NEXT: On Election Year Supreme Court Vacancies (Redux)

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  1. It isn’t a bad list, but please strike Strossen from it.

    “Putting all that aside, I don’t want to dwell on constitutional analysis, because our view has never been that civil liberties are necessarily coextensive with constitutional rights. Conversely, I guess the fact that something is mentioned in the Constitution doesn’t necessarily mean that it is a fundamental civil liberty.”

    Not an attitude you want on the Supreme court. She’d make a great pick for a Democrat, probably no hope for that given her respect for freedom of speech, but nobody who actually values ALL civil liberties should propose her for the Court. We already have enough Justices treating the Bill of Rights like a Chinese menu.

  2. Sorry you didn’t make the list, Josh.

  3. This list must be a joke.

  4. Willett and Volokh – I’d support those!!!

    1. I agree, but neither would have a chance in confirmation. Remember that, right now, the democrats want desperately to delay the process to get past the election.

      Prof. Volokh’s use of racial epithets–even in accurately quoting them from other sources–would suddenly become a charge that he is racist. Plus, you’d hear cries over how he clerked for Kozinski, so we know he must also secretly be a misogynist. [FTR – I very much doubt either claim is true, but that’s never stopped these sorts of attacks.]

      Judge Willett had a hard time through confirmation to the Fifth Circuit because of jokes he made on Twitter. He stopped using Twitter after that (a real loss). We’d go through that entire fight all over again, with even greater pearl clutching than before.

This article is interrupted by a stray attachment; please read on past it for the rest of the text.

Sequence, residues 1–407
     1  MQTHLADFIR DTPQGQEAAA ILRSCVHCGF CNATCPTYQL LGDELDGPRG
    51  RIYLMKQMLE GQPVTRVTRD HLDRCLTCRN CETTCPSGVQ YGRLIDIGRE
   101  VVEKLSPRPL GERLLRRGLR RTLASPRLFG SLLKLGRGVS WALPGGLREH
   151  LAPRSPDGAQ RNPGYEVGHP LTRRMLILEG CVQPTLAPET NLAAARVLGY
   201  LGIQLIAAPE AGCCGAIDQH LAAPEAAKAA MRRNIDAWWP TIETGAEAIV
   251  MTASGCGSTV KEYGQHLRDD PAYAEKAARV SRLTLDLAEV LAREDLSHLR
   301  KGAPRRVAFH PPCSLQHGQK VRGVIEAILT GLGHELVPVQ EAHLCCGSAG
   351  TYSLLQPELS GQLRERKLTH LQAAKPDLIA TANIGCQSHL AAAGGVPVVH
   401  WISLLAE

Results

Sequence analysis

5. Dershowitz confirmation hearings is all I want for Christmas.

    1. Well, he’d certainly give as good as he got, that much is certain;l It would be entertaining, at least.

      He’s got the same problem as Strossen, and Epstein, though: He rationalizes away any civil liberties he doesn’t like. If this were next year, and Biden were nominating any of them, I’d think, “Well, that could have been worse.”

      But having a Libertarian candidate endorse them for the Supreme court demonstrates that she’s not really looking for potential justices who’d stand up for the whole Bill of Rights. That list should have been several names shorter, or at least different.

      1. Yeah, 100% agree. Sigh.

    2. I’d dump Dershowitz for Somin. Otherwise not a bad list at all.

    3. Dershowitz would have Orgy Island problems,

      He wouldn’t take it, but Harvey Silverglate would be a much better choice.

  6. Eugene should not be proud to be on this list.

    1. I’ll grant you that being put in the same company as Epstein isn’t a compliment. But most of the names on it are pretty good. If anything, I’d say I’d trust my rights more with several of them than with Eugene.

  7. Nice Job Professor Volohk!